By contrast San Francisco is all micro-climated and micro-cultured up, sort of like the Jeffersonian ideal and sort of like surviving federal prison. You have different neighborhoods - SOMA, Marina, Mission, Castro, Haight, the Broadway strip, etc. - and each neighborhood pretends it cannot imagine associating with the other. “Ugh, the Marina,” says a Caucasian Stanford grad who buys her clothes at high-end boutiques in the Haight, implying she wants to shiv the Caucasian Cal grad chicks who frequent Marina wine bars and shop at high-end Union Street boutiques. “Choose your side, ese,” she snarls at you as you make plans for the night.

So once you choose a neighborhood, you’ve chosen for good. Blood in, blood out. Whatever neighborhood you’re in at 10:30 PM is where you’ll be the rest of the night. The 1:30 AM last call doesn’t afford 45 minutes of effing around with impossible parking or non-existent taxis. In addition, the bullsh*t aesthetic, attitude as well as weather differences between the different neighborhoods are large enough that even if there was convenient transportation, you’d feel compelled to re-gear your psychology and apparel before going.

This, coupled with the fact people being people never have the wherewithal or foresight to start out the night somewhere new, means that in the end you’re stuck going to the exact same bars in the exact same neighborhood and never have the chance to meet the stranger you want to meet, who is in another totally different, far more enthralling neighborhood, surrounded, just like you, by unattractive, egomaniacal, slutty, stupid, etc. people she’s known forever.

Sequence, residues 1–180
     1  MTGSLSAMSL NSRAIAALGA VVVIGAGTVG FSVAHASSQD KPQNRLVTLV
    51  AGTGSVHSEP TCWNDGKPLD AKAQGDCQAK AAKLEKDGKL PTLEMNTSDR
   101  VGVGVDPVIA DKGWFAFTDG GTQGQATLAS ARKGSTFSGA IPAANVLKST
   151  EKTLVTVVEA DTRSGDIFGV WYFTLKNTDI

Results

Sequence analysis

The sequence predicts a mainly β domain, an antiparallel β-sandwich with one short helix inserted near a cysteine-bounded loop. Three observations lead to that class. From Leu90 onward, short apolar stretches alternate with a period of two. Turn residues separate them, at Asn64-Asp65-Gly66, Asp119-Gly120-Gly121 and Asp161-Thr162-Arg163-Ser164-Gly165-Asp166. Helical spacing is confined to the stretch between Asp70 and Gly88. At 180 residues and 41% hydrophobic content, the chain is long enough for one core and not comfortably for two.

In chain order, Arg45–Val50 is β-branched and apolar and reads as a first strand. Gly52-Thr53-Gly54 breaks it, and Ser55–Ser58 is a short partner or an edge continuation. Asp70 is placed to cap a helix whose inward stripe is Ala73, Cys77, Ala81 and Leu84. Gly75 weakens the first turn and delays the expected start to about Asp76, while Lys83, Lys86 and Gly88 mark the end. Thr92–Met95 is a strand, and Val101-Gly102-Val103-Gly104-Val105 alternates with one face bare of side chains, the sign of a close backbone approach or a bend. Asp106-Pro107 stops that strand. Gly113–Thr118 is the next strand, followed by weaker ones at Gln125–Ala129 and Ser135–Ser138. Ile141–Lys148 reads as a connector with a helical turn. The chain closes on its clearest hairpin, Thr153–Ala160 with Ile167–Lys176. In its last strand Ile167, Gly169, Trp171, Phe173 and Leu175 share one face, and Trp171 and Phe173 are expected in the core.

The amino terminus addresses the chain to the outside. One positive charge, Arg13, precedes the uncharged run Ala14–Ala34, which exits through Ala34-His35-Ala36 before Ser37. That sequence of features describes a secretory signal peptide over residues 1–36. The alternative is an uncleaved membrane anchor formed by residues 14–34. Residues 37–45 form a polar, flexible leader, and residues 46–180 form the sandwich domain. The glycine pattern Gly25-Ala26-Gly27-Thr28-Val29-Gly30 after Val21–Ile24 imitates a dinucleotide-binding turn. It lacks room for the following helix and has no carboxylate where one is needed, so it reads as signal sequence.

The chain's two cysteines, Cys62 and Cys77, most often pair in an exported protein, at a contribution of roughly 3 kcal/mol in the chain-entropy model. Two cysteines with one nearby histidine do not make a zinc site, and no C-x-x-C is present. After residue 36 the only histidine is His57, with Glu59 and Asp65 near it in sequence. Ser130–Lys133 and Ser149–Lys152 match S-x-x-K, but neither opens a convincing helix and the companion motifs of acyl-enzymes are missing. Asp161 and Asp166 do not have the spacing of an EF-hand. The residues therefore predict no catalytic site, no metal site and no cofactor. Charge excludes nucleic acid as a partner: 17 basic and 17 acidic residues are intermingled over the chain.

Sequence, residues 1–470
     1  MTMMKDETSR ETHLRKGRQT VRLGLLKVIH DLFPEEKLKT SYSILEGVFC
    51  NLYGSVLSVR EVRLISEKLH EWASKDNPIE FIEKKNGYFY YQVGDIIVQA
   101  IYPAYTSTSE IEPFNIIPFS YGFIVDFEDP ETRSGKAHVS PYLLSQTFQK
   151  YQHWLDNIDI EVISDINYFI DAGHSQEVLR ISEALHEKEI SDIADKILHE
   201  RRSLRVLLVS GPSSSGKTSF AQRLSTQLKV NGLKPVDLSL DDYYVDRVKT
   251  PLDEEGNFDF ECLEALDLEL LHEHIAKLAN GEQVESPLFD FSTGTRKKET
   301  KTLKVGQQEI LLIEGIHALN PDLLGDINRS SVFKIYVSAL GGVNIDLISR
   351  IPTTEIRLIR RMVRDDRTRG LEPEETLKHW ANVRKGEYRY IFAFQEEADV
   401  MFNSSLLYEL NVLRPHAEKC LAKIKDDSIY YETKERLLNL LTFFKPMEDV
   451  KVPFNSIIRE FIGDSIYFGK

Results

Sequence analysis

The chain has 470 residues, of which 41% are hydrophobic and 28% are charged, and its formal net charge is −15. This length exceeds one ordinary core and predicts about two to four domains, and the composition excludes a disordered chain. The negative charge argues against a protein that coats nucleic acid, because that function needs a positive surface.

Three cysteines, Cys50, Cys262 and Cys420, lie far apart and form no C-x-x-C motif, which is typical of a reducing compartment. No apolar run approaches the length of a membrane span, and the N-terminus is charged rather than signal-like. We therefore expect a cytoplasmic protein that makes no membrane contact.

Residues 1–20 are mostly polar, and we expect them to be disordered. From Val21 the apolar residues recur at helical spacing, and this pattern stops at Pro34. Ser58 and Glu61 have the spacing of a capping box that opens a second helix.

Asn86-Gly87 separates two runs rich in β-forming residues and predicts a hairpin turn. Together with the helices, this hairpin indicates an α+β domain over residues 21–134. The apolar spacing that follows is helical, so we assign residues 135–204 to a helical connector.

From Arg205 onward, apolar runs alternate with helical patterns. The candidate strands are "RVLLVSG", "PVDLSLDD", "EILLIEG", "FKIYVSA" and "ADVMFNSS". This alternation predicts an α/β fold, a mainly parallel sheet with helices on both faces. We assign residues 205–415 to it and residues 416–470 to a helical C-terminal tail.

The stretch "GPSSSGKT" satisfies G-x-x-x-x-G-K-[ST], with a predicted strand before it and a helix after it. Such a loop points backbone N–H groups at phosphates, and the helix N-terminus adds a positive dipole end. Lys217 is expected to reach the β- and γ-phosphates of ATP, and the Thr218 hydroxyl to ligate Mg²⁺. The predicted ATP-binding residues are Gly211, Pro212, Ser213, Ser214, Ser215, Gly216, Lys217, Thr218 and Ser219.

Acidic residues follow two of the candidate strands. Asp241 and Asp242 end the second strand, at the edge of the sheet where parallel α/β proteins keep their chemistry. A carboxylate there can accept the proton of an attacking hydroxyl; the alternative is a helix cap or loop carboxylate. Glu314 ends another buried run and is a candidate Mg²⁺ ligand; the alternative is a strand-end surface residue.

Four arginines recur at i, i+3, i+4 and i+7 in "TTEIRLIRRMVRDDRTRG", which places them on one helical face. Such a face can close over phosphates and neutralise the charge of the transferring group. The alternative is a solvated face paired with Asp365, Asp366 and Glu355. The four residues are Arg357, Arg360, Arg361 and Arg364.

Secondly, like the famously migratory cities of New York, Las Vegas and Atlanta, San Francisco doesn’t have a settled population, which means there’s no established infrastructure of informal socialization, which means, in turn, you depend on bars, clubs, coffee shops etc for meeting strangers and you need those venues to be open and busy as frequently as possible. A hip, ever so chic bistro serving wine at 3:00 AM means 1) that’s one more chance to meet a classy lady and 2) a 1:45 AM invitation to keep the night going suddenly seems way less creepy.